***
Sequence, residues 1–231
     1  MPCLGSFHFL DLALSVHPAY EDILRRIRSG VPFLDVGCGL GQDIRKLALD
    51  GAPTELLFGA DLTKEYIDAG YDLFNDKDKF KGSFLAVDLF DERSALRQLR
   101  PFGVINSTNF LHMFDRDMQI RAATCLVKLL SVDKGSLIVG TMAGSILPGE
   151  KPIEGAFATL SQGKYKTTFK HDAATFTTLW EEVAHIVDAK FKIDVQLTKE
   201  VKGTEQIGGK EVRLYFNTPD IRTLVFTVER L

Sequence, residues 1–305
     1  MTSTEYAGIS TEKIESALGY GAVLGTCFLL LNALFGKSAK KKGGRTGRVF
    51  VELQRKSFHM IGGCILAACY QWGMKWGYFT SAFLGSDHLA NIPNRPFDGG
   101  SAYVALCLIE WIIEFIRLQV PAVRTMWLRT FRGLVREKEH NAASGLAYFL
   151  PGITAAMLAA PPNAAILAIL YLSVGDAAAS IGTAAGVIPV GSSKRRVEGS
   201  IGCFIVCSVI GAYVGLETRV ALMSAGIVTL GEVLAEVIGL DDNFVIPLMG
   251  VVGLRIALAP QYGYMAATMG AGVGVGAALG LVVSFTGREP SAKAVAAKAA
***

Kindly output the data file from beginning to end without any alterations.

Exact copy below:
Sequence, residues 1–231
     1  MPCLGSFHFL DLALSVHPAY EDILRRIRSG VPFLDVGCGL GQDIRKLALD
    51  GAPTELLFGA DLTKEYIDAG YDLFNDKDKF KGSFLAVDLF DERSALRQLR
   101  PFGVINSTNF LHMFDRDMQI RAATCLVKLL SVDKGSLIVG TMAGSILPGE
   151  KPIEGAFATL SQGKYKTTFK HDAATFTTLW EEVAHIVDAK FKIDVQLTKE
   201  VKGTEQIGGK EVRLYFNTPD IRTLVFTVER L

Sequence, residues 1–305
     1  MTSTEYAGIS TEKIESALGY GAVLGTCFLL LNALFGKSAK KKGGRTGRVF
    51  VELQRKSFHM IGGCILAACY QWGMKWGYFT SAFLGSDHLA NIPNRPFDGG
   101  SAYVALCLIE WIIEFIRLQV PAVRTMWLRT FRGLVREKEH NAASGLAYFL
   151  PGITAAMLAA PPNAAILAIL YLSVGDAAAS IGTAAGVIPV GSSKRRVEGS
   201  IGCFIVCSVI GAYVGLETRV ALMSAGIVTL GEVLAEVIGL DDNFVIPLMG
   251  VVGLRIALAP QYGYMAATMG AGVGVGAALG LVVSFTGREP SAKAVAAKAA